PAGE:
Even before the COVID-19 pandemic, remote work has been on the rise: In 2017, 43% of U.S. employees regularly worked remotely. But measures to bring the coronavirus under control may be the tipping point as we strive to keep businesses and the economy moving.

Making a virtual culture work during a global health crisis, though, won’t be easy as people struggle with the isolation and worry about their physical and financial health...and maybe how well they’re getting their jobs done. These are some of the challenges business and human resources leaders need to care about and nurture to get a virtual work culture right. Here are some tips:

Adjust for today as you prepare for tomorrow’s new normal

Providing social support is critical in these circumstances, and managers must act as coaches and cheerleaders as they work on the mechanisms to meet the need and make the virtual culture and organization work. Four phases will mark the advance toward recovery:

  1. People and safety first. Your immediate response to this sea change is to set up for making it work. Expand your flexible work arrangements and reorganize your teams. Evaluate and re-allocate resources for these circumstances. If you don’t have well-being programs, now’s the time to get them launched, along with safe working policies.
  2. Reshape people strategies. What does business as usual look like during the new normal? Reimagine that during this phase. Ideally, the strategies can be put in place with minimal disruption and maximum support from government programs.
  3. Prepare for recovery. Review your strategies, and ensure they are current and support your efforts to build resilience. Are you ready for the new normal?
  4. Embrace crisis management mode. Now, you must make best practices for managing remote employees work. Prioritized, updated to-do lists are imperatives and keep meetings short and focused. And don’t fail to clarify expectations for job roles and performance, giving constant feedback.

Communications will make the difference

Transparent and open communications, always delivered with a personal tone, will gain employee trust. Your coronavirus-related communications especially should be balanced and aligned with health authorities’ policies. It’s key to use the right format for the times. Video is widely preferred over text and short attention spans, especially during a crisis, make the case for simplifying complex messages by using bullets.

You can’t communicate too much in a crisis. Encourage as much “face-to-face” as possible through video calls and regular phone check-ins. Numerous popular apps are available, usually free and with multiple layers of functionality. These include Go to Meeting, Google Hangouts or Zoom for connecting face-to-face via video to Slack, Snapchat or Fuze to coach or brainstorm. However, you risk overwhelming people if you overuse these tools.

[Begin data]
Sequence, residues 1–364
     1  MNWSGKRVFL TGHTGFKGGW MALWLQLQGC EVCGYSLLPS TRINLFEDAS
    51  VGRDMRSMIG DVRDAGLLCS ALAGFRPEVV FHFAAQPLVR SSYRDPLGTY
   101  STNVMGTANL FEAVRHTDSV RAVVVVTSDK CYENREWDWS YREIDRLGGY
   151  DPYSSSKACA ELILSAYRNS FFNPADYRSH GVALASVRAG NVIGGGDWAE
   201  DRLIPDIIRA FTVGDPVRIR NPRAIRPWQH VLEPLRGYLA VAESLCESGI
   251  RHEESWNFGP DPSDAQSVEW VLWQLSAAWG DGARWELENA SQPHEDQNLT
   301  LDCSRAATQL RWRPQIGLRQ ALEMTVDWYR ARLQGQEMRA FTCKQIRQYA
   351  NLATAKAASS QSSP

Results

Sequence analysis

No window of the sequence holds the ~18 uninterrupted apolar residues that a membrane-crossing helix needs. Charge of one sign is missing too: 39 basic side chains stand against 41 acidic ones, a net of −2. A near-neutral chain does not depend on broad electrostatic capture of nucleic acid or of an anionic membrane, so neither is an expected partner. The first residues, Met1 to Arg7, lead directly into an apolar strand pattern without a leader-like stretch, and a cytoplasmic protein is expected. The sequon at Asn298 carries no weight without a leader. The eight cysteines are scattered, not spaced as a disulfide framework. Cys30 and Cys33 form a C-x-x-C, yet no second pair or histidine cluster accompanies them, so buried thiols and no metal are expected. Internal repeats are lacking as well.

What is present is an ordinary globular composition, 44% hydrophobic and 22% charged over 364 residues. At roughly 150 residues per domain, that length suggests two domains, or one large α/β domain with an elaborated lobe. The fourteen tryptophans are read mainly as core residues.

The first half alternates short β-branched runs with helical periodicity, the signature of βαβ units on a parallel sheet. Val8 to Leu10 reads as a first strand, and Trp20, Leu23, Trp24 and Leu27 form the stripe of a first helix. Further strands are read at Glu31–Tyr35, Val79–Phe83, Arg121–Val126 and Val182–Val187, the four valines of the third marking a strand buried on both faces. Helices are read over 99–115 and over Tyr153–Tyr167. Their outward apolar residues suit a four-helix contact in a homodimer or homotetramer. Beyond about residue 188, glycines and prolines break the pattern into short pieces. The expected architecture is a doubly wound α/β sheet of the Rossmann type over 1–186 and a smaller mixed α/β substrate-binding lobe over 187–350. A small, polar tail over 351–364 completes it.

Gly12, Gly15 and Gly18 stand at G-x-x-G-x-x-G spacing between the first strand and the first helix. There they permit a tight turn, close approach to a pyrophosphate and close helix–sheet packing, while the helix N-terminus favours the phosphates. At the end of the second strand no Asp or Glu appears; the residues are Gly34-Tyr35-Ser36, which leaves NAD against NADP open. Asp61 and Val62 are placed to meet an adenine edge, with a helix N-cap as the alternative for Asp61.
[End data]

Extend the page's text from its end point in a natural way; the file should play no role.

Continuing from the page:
Reimagine what well-being looks like

As we move forward, well-being initiatives will need to shift to reflect what’s important in the new normal – our social connections, security and mental well-being have never been more important. Self-care becomes the theme for the times, and a total well-being program offers a choice of four paths:

  1. Mental/emotional well-being: More than any other path, this one requires your leadership to destigmatize these support services and help employees build resilience and psychological flexibility. One-on-one support is beneficial, typically gained through employee assistance plans, behavioral health providers, health coaches and telehealth services. Also look to web resources like The Unlonely Project: Stuck at Home (together).
  2. Physical well-being: Personal goal setting should be encouraged, but it’s not necessarily the time for a weight loss challenge. Instead, offer resources like wellness coaches and access to online workout programs, and look to buddy systems for external accountability.
  3. Social/community well-being: Help employees stay connected by encouraging virtual team meetings and one-to-one connections. Many may struggle to show gratitude these days, but will do much better with the help of a gratitude practice.
  4. Financial well-being: Short-term assists should be a priority. Look at emergency spending accounts, payroll loan programs and lifestyle spending accounts. IRS 139 guidelines should inform whether disaster relief payments are in order. Also consider web-based tools to help employees better manage their finances.

Get the latest information, guidance and resources on Coronavirus (COVID-19) to help you protect what matters most on our Coronavirus Resource Center.